“This was the first town in the township,” the Green Valley history says. “It was a stagecoach stop on the old stage line from Springfield to Pekin. As the inn was on rather high ground overlooking the Mackinaw bottom and surrounding prairie, when it came time for the stage to arrive the innkeeper would go upstairs, look out the window to see the coach, then rush downstairs to put potatoes on to boil for the meal. Another story was the open well where they used to cool the beer during the summer. One time someone placed the beer in a sack and when they went to draw it out of the well, the sack broke and the beer fell into the well.”

Circleville later became notorious as the favored hangout of the Berry Gang, a group of outlaws led by four brothers, William, Isaac, Emanuel and Simeon Berry, who had a homestead just outside of Circleville. The criminal career and ultimate doom of the Berry Gang is told in “Lynch Law,” a book authored by local historians and retired law enforcement officers Jim Conover and James Brecher.

An 1864 atlas map of Tazewell County shows Circleville in the northeast corner of Sand Prairie Township, but one will search in vain for Green Valley on that map. In 1864, the land that would become Green Valley was then the Dickson and Schureman farmsteads. (Other long-established and familiar family names of Sand Prairie Township include Woodrow, Deppert and Talbott. The wealthy Cummings family of Pekin also used to own land in the township.) Nine years later, the 1873 atlas map of Sand Prairie shows both Circleville and Green Valley. But visitors to Sand Prairie Township today will find no trace of Circleville, which slowly dwindled away after the heyday of the Berry Gang.

“The land where Green Valley now stands was purchased from the government in 1852 by Samuel Schureman for $3 an acre,” the Greek Valley history says. “He built a one-room house on the side of the present Schureman homestead. Another house was where the 1912 grade school was later built. A Schureman tale is told of the days when wild game ran through the prairie grass and prairie chickens were so thick that when they flew to roost in the evenings on the rail fences, the rail could not be seen for the number of chickens covering it.”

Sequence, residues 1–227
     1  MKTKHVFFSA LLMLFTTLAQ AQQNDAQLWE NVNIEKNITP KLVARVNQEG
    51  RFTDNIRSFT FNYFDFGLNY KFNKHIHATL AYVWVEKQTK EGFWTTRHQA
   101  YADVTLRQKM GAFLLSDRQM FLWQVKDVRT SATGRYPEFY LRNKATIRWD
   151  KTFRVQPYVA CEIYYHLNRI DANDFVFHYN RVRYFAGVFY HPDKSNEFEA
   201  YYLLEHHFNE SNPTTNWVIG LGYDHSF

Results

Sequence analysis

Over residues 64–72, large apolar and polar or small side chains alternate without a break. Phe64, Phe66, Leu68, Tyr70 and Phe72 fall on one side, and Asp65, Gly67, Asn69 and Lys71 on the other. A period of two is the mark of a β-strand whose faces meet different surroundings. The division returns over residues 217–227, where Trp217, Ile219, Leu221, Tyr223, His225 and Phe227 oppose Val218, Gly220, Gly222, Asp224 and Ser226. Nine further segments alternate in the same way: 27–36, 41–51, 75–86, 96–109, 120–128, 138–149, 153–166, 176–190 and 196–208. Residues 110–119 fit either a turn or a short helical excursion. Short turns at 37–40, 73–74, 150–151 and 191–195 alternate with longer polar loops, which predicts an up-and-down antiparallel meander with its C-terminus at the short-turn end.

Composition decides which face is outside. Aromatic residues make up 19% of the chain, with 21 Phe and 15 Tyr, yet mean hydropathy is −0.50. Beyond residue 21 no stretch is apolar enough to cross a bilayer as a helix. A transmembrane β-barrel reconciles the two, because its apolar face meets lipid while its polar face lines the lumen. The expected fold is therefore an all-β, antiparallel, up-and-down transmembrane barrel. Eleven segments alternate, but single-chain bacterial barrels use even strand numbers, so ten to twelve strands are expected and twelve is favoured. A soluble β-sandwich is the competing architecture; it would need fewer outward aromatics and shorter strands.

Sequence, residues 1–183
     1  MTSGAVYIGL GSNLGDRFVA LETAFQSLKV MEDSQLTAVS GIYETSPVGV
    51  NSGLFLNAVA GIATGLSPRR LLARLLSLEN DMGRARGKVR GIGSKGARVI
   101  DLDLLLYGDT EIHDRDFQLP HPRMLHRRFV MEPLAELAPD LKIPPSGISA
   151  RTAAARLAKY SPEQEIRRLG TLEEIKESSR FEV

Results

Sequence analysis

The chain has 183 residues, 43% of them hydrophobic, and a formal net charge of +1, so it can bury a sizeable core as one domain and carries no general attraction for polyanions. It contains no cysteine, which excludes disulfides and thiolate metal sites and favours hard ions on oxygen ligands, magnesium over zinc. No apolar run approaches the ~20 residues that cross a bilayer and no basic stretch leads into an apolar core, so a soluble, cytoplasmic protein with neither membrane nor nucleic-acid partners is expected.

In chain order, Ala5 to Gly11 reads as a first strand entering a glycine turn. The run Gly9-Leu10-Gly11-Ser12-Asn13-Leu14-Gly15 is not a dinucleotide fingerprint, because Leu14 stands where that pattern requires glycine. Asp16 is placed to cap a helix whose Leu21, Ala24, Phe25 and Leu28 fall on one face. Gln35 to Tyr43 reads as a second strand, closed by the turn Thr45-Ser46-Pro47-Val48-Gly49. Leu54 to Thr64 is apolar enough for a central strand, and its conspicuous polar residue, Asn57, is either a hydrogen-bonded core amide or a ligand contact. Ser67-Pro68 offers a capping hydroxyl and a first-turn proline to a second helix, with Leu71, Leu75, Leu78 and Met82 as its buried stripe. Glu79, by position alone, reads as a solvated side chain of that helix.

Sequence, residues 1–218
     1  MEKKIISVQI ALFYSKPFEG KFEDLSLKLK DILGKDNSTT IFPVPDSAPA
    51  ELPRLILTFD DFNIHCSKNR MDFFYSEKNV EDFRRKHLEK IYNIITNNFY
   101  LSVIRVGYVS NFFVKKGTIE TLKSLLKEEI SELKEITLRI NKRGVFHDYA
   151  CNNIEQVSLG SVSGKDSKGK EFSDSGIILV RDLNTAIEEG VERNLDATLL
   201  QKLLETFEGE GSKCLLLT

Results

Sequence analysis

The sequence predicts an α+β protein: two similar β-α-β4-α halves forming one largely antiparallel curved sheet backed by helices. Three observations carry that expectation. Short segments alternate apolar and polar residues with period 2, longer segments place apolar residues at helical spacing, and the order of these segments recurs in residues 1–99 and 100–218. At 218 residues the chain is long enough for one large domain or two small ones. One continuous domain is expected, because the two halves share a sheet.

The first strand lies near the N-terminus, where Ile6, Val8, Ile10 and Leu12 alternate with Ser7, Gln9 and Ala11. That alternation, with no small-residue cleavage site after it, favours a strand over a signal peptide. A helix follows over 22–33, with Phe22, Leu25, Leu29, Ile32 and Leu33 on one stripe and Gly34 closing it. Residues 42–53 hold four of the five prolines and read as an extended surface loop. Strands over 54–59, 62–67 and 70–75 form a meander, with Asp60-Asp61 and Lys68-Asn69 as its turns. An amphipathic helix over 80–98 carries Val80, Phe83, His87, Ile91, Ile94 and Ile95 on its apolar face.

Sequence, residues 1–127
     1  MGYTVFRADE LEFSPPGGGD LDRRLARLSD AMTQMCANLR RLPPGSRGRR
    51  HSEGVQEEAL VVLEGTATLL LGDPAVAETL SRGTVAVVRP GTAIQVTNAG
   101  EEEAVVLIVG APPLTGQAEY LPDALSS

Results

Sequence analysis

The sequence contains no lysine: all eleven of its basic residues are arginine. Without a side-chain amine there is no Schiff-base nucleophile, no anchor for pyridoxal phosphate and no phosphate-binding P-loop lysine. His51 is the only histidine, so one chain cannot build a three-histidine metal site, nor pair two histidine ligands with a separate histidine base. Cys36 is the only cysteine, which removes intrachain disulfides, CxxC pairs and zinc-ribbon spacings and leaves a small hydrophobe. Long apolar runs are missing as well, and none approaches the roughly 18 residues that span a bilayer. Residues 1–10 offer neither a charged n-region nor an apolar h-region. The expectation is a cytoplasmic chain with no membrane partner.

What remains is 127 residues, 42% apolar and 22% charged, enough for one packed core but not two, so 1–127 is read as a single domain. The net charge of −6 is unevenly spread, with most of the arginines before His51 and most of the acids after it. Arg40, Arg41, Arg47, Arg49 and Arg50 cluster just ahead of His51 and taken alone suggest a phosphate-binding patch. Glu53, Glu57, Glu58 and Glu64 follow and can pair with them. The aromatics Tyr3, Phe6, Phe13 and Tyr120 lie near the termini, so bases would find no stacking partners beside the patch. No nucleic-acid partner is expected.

On Oct. 19, 1872, the unincorporated village of Green Valley was platted out by Samuel Schureman. The little settlement’s development was anchored by the Illinois Central Railroad, which was built in 1870, and the Smith-Hippen grain elevator, which was built in 1872. The village celebrated its centennial in 1972, commemorating the original platting by Samuel Schureman, but another centennial milestone is only three years away: March 11, 2016, will be exactly 100 years from the date Green Valley was incorporated as a village.

The community formerly boasted its own newspaper, the Green Valley Banner, which was founded by Clark Nieukirk in the late 1890s and which continued to be printed until it fell victim to the Great Depression in the 1930s. Microfilms of the Green Valley Banner from July 15, 1897, to Dec. 28, 1922, are available in the Pekin Public Library’s Local History Room.

#berry-gang, #circleville, #green-valley, #preblog-columns, #schureman, #tazewell-county-history

D. J. Veerman, Pekin carriage painter

By Jared Olar
Library assistant

This week we’ll shine a spotlight on one of Pekin’s many German immigrant families who arrived here around the middle of the 19th century. The family, called Veerman, is memorialized in the name of one of Pekin’s streets, Veerman Street, which runs north-south between Willow Street and Sheridan Road. A residential neighborhood, Veerman is also the location of Willow Grade School and the Boys & Girls Club of Pekin.